The United States Forest Service (USFS) is a federal agency charged with sustaining the health, diversity, and productivity of the nation's forests and grasslands to meet the needs of present and future generations.

California Trout's mission is to protect and restore wild trout, native steelhead, and the waters they inhabit throughout California, and to create high-quality angling opportunities for public enjoyment.

The National Audubon Society's mission is to conserve and restore natural ecosystems - primarily focusing on birds, other wildlife, and their habitats - for the benefit of humanity and the earth's biological diversity.

MONO LAKE

Mono Lake, a natural saline lake whose level fluctuates, is currently 1945.5 meters (6382.8 feet) above sea level; its volume is approximately 3.2 x 109 cubic meters, and its surface area is approximately 18,400 hectares. It contains chlorides, carbonates, and sulfates - a chloridecarbonate- sulfate 'triple water' lake. It is alkaline, with a pH of 10, and its salinity is approximately 80 g/l (almost three times saltier than the ocean).

Mono Lake and its surrounding basin encompass one of California's richest natural areas. The basin encompasses 14 different ecological zones; has over 1000 plant species, roughly 400 recorded vertebrate species, and feeds millions of migratory birds within its watershed. Compared to other equal volumes of water and based on the sheer mass of living organisms - the brine shrimp population alone is into the trillions - Mono Lake stands out as one of the most productive aquatic ecosystems in North America.

First Steps to Protection

To meet the growing needs of the City of Los Angeles, the Water Department began diverting water from four of the five major tributary streams that feed Mono Lake in 1941. When the lake level began to drop because of these diversions (see Figure 3), vast alkali dust flats were exposed, the islands where birds nest became connected to the mainland (see Figure 4), and the populations of brine shrimp and alkali flies (on which millions of migratory birds depend) were threatened.

A dedicated group of students and scientists formed the Mono Lake Committee in 1978 to save and protect Mono Lake. They utilized science, law, public education, and partnerships with community groups in Los Angeles and organizations such as the National Audubon Society and California Trout, to win protection for Mono Lake.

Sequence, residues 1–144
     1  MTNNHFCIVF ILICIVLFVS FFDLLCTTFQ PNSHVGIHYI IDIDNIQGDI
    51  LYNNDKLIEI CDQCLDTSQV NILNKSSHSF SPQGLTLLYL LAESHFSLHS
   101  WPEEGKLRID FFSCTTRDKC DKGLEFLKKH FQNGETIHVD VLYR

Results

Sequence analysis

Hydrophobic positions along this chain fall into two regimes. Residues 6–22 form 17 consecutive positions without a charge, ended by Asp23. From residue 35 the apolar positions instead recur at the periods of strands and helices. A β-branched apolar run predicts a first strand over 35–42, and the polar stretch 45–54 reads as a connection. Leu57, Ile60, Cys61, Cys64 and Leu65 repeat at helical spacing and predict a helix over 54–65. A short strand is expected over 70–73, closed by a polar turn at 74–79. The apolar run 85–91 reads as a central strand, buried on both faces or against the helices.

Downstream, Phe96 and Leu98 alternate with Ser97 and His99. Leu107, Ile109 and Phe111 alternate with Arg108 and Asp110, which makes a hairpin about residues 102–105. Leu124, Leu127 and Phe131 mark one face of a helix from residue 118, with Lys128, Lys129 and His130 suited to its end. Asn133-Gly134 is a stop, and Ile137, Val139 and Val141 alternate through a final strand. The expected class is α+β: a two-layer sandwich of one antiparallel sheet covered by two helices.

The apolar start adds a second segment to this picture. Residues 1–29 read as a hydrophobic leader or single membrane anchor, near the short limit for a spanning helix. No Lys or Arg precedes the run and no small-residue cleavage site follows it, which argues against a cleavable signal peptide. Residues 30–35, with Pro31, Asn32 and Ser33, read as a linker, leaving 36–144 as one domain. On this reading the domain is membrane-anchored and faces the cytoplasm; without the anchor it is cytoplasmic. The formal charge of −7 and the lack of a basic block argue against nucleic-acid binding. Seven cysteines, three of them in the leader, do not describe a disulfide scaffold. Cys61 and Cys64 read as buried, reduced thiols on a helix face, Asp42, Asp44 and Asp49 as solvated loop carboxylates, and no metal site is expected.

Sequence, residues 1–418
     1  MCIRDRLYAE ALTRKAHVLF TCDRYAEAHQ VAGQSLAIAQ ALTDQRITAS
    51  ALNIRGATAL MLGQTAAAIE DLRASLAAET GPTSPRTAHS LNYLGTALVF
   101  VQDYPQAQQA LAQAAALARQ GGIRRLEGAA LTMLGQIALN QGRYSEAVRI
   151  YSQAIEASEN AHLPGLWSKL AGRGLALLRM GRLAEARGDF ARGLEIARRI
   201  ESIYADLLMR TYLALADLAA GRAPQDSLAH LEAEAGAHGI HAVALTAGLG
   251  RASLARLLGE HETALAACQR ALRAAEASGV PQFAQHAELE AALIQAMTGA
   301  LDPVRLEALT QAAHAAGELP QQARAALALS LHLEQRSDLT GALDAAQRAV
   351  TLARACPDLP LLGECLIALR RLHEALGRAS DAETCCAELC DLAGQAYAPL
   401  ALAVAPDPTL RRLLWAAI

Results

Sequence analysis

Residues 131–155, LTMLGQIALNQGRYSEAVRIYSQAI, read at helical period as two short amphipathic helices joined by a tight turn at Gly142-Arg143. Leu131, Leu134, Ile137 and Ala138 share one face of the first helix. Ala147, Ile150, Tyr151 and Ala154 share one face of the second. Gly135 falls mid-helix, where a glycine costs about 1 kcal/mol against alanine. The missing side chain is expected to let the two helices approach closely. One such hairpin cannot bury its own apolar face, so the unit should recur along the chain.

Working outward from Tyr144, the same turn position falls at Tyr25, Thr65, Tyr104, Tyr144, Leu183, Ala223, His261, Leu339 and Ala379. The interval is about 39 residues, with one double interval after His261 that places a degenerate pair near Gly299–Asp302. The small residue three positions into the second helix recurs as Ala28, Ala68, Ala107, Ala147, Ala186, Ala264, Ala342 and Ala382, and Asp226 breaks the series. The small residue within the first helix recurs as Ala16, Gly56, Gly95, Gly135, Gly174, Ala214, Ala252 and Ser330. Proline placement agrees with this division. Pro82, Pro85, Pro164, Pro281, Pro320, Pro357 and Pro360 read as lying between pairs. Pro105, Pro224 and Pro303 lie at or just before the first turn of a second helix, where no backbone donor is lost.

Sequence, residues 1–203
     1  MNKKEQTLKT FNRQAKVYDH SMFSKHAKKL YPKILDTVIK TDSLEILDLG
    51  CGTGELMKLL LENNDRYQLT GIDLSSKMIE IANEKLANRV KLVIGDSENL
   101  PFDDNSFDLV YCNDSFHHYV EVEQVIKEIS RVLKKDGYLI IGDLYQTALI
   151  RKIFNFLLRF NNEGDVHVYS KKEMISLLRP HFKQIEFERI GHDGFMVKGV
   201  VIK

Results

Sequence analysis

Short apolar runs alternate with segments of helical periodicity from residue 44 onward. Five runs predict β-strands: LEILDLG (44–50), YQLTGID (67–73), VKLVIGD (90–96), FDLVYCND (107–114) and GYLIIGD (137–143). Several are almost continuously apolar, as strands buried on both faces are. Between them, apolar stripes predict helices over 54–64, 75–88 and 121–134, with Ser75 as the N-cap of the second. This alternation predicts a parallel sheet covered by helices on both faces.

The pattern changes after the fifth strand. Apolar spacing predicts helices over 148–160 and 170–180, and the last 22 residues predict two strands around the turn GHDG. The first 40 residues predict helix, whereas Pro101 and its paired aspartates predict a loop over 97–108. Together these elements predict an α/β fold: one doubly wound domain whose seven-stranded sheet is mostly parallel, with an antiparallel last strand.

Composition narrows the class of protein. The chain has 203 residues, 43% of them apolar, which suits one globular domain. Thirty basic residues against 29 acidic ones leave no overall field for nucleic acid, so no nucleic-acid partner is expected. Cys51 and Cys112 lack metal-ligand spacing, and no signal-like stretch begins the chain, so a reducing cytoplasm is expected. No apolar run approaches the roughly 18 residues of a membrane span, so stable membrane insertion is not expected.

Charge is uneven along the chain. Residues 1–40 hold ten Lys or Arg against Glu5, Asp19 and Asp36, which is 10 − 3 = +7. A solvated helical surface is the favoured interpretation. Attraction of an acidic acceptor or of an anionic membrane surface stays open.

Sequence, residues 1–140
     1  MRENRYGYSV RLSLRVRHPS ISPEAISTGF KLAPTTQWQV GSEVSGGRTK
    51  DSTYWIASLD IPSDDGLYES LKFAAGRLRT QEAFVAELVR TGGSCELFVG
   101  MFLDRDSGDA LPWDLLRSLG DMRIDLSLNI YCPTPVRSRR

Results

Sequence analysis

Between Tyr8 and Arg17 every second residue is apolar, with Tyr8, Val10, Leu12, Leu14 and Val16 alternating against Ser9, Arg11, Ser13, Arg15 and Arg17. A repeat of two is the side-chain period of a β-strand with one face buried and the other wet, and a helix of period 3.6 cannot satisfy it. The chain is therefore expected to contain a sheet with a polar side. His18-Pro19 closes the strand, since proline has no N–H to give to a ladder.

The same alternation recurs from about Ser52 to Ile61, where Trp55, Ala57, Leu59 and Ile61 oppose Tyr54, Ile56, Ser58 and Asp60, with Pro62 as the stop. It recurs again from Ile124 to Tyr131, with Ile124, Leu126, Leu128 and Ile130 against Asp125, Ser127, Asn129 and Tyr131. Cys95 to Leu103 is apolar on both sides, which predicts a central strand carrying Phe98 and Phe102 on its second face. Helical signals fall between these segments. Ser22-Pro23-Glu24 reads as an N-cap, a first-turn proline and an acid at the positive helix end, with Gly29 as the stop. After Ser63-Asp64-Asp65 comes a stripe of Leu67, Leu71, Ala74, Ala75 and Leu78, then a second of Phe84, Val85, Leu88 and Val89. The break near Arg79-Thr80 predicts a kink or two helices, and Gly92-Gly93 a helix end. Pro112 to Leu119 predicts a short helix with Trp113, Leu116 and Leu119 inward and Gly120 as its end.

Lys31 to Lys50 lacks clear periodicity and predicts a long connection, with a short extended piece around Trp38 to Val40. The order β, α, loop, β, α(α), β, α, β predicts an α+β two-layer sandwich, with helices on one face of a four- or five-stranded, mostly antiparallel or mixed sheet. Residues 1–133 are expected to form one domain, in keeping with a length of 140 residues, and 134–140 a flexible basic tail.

Figure 3: Historic Mono Lake elevation

Figure 4: 1979 Photograph of Mono Lake Islands and North Shore

Interim steps in securing this protection included the noteworthy accomplishments of: (1) a precedent-setting 'public trust' decision by the California Supreme Court that became the legal underpinning for future protection of the lake; and (2) successfully attaining numerous protective designations at Mono Lake, including: the Mono Basin National Forest Scenic Area, Mono Lake Tufa State Reserve, Western Hemisphere Shorebird Reserve Network, and Outstanding National Resource Water designations.

Initially, the Water Department's approach to the newly formed MLC was fairly one-sided. The State of California experienced tremendous growth in the 20th century and had adopted a water management strategy of allocating this resource to meet the test of 'the greatest good for the greatest number'. For the most part, the SWRCB allocated water on a 'first-in-time, first-inright' allocation system with little regard for environmental consequences. The Water Department, in accordance with this philosophy, rejected all suggestions that it should curtail any of its water diversions to protect the environment. The decision by the California Supreme Court to protect the 'public trust values' of Mono Lake, however, marked a significant departure from the way water rights had been viewed in California until that time.

In 1994, based on the Court's decision, the SWRCB ordered the Water Department to curtail its diversions to meet the water needs of Mono Lake and the City of Los Angeles. This compromise would still allow the City to receive some water - but less than it used to - and raise the level of Mono Lake, although it would still be 25 feet lower than before the City's water diversions began. However, the lake would still be high enough to limit dust storms, maintain a separation between the islands and the mainland, and generally provide the kind of productive habitat formerly used by migrating ducks and other waterbirds. The SWRCB's focus on restoring natural processes included the particularly important peak flows of the spring season. The streams, while intercepted by dams, should function like natural streams.

As part of this effort to protect the lake, the MLC lobbied throughout the 1980s for both state and federal legislation that would create funding to help the Water Department develop in-city water recycling facilities and to pay for water conservation programs. In 1989, the MLC was instrumental in enacting California state legislation to create a $60 million fund for the Water Department to use for conservation and water reclamation. In 1992, the MLC also helped secure federal funds for water reclamation. These facilities and programs help replace water that had been diverted from the Mono Basin in the past, and that now is being used to restore Mono Lake and its tributary streams.